As I explained last time, there are two basic categories of nationality words. One is where the adjective and the noun are the same: these nationalities mainly end in 'n' or 'i'. So you can say either 'Iranian' people' (using the adjective) or Iranians (using the noun).
You cannot refer to people from Iran in general as 'the Iranian'. Why? Because 'Iranian' is a noun: 'an Iranian' is one (non-specific) person, while 'the Iranian' is one (specific) person. For example, someone might say, "There were three candidates for the post: an American, a South African and an Iranian. The Iranian was the best candidate, so he got the job."
Now for the other category of nationalities: the ones where the adjective can't also function as a noun. With these nationalities, you can use the adjective plus a plural noun to talk about these people in general terms, the same as with the first category: 'French people' (without an article). You also have another option that only works with this second category: you can put 'the' before the adjective and refer to the entire French nation as 'the French'. [This is the same construction as when we use a 'the+adjective' combination to refer 'the poor' or 'the young' as an entire class of people]. Both are correct, but there is a subtle difference - 'French people' is thinking of them as individuals, whereas 'the French' suggests that they are one single group.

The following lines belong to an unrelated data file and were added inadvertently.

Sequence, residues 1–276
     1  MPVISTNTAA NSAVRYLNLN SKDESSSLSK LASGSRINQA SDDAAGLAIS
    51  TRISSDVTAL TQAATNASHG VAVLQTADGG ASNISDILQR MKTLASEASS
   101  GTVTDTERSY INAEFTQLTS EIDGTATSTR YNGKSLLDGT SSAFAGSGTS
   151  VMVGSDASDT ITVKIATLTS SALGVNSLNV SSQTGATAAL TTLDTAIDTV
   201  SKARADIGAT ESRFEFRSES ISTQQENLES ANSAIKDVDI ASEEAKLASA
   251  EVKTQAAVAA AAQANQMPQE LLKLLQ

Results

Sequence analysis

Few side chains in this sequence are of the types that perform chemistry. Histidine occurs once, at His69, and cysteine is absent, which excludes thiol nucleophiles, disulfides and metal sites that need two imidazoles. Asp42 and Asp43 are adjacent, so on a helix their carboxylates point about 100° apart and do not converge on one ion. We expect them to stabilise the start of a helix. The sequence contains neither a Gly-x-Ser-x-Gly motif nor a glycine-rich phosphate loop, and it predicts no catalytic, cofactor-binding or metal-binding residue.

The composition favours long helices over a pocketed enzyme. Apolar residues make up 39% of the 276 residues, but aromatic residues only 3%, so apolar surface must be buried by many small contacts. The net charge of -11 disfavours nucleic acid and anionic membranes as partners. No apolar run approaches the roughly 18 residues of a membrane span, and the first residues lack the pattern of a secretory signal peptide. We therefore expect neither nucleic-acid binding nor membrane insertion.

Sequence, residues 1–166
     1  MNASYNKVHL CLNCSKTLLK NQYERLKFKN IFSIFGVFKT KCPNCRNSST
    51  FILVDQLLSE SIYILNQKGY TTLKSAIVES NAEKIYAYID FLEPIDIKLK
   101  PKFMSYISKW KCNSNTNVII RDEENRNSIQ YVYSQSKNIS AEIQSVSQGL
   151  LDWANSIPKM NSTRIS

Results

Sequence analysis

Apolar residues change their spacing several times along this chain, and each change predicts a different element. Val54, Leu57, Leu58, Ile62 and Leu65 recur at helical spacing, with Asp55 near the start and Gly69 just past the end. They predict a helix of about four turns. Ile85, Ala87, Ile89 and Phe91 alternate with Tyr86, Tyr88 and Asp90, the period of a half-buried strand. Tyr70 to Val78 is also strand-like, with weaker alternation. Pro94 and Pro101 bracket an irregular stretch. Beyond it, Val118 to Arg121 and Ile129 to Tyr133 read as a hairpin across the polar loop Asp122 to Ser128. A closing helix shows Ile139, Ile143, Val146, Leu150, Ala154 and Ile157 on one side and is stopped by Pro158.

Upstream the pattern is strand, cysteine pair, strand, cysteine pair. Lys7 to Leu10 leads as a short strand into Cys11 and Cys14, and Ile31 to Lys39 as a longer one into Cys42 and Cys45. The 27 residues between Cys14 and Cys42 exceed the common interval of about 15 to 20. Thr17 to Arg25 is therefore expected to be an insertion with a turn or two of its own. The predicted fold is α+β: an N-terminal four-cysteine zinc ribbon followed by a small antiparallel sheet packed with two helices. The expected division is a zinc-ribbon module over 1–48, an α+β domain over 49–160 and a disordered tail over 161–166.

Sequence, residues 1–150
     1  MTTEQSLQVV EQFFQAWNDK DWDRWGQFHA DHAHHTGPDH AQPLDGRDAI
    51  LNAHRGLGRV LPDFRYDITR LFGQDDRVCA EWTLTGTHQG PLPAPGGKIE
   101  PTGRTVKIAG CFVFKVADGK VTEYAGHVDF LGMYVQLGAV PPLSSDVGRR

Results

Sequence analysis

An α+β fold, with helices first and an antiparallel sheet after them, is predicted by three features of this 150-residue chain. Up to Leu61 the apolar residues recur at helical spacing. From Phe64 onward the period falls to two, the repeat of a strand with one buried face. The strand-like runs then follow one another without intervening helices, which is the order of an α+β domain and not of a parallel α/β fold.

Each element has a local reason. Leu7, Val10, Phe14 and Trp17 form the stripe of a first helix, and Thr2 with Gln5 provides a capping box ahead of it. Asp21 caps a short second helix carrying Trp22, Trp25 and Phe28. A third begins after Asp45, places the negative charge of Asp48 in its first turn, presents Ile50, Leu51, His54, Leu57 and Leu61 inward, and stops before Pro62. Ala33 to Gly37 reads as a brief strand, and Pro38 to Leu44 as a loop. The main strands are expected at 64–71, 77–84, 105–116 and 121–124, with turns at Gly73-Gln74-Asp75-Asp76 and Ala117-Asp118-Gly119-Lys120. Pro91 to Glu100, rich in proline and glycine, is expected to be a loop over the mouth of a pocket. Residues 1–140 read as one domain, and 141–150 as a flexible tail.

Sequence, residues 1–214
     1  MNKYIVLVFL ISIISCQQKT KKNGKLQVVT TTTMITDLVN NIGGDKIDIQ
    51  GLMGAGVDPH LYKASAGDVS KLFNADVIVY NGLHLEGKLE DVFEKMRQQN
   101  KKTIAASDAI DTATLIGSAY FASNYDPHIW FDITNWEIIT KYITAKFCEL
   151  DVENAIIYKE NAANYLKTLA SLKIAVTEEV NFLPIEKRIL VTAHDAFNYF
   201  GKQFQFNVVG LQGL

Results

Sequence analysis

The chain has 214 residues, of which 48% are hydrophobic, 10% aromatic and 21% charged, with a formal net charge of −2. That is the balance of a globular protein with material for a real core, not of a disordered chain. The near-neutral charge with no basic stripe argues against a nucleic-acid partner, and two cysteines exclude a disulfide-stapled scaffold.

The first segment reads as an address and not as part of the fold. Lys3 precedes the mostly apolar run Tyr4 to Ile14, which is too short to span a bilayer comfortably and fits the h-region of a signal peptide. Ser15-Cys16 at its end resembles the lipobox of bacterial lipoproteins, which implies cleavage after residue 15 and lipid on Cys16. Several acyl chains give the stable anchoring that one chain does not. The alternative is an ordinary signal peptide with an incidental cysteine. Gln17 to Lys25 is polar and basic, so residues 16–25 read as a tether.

So what about 'the Iranian people' or 'the French people'? Well, here, the normal rules of using the definite article apply: we use this to refer to a specific group of people of that nationality. For example, "The Iranian people who live in my neighbourhood are mostly very friendly".
[You may occasionally see 'the xxx people' being used in the singular to refer to an entire nation. For example 'This is the will of the British people'. This is unusual, and tends to be confined to rhetoric. I wouldn't try to use this form, if I were you].
I hope that all makes sense.